Author and journalist Richard Moore, who co-founded The Cycling Podcast, has died at the age of 49.
Moore, who was also a successful racing cyclist when he was younger, competing for Scotland at the 1998 Commonwealth Games, passed away on Monday, with news of his death announced on The Cycling Podcast website.
A contributor to a number of daily and Sunday national newspapers as well as Rouleur, Moore’s debut book, In Search of Robert Millar, won the Best Biography prize at the British Sports Books Awards in 2008, the same year in which he published Heroes, Villains & Velodromes: Chris Hoy and Britain's Track Cycling Revolution.
His other cycling books included Sky's the Limit: British Cycling's Quest to Conquer the Tour de France and Slaying the Badger: LeMond, Hinault and the Greatest Ever Tour de France, both published in 2011.
Away from cycling, he also wrote about athletics, publishing The Dirtiest Race in History: Ben Johnson, Carl Lewis and the Seoul Olympic 100m Final in 2012 and, three years later, The Bolt Supremacy: Inside Jamaica’s Sprint Factory.
As likeable as he was knowledgeable about cycling, Moore’s writing and personality meant he was a popular figure held in great esteem by his fellow journalists and – as I know from my own experience – always happy to help newcomers to the scene find their feet.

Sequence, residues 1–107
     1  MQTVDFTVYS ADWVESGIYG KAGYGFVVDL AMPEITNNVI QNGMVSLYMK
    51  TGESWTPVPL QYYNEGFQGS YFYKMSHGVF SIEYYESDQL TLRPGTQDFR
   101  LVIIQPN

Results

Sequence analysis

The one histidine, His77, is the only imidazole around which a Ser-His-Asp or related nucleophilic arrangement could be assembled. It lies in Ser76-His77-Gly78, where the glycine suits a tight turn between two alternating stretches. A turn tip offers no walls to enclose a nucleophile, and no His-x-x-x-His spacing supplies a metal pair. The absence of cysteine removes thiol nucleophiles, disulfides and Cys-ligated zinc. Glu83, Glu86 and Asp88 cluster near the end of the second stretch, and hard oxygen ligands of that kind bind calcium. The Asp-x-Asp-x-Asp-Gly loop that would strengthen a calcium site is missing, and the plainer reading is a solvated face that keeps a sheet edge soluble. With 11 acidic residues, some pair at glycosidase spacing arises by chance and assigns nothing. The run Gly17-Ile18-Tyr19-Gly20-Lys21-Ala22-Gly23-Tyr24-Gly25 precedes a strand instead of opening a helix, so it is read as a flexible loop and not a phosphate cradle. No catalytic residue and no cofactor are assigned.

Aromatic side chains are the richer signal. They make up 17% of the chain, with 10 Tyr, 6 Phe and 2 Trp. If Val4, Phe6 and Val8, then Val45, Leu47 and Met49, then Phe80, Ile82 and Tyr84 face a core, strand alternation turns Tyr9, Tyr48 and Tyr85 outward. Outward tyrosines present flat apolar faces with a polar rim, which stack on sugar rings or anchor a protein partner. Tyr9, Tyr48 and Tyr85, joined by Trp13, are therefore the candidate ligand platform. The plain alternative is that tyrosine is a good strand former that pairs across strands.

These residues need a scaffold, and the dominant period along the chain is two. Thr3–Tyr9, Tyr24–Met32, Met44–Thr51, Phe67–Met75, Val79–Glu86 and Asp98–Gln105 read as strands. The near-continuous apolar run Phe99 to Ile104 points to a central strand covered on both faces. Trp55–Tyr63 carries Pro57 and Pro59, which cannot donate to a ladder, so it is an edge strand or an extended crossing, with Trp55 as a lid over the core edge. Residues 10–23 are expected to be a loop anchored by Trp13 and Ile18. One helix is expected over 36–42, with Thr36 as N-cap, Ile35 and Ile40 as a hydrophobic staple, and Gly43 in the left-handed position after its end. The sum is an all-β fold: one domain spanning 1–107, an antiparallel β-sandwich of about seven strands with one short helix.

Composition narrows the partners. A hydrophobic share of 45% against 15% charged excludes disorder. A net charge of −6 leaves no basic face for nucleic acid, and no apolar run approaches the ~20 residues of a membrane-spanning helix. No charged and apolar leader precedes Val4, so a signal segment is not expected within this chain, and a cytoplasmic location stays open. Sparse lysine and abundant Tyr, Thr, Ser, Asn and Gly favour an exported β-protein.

In 2013, he found a new audience when he teamed up with Lionel Birnie and Daniel Friebe to launch The Cycling Podcast.
Initially focused on that year’s 100th edition of the Tour de France, the podcast evolved into a weekly show – with even more frequent editions during the peak times of the season, such as the Grand Tours – and won best podcast at the 2016 Cycling Media Awards, plus a bronze medal in the sports podcast category at the 2018 British Podcast Awards, and also became a stage show.
Announcing his death today (you can read their tribute in full here), The Cycling Podcast team said: “Monday was an unfathomably difficult day. In the morning we received the news that our leader, lynchpin, friend and brother Richard Moore had passed away. We are all shattered.
“To us, he was a force of nature, unerring but above all unifying. There can be no consolation today, but the closest thing is knowing that the network of affection and love he knitted will now become an edifice of support for those most deeply affected by this loss.
“The Cycling Podcast would simply never have started without Richard. Our thumbs would still be poised over the record button, frozen in June 2013. He cajoled, drove, supported and indulged us from the first episode to what will not be the last, released a week ago, for we owe him that and so much more,” they added.
“In due course, it will be our imperative to convey more fully how privileged we feel to have known Richard, and to keep his towering legacy alive.”
Image: The Cycling Podcast
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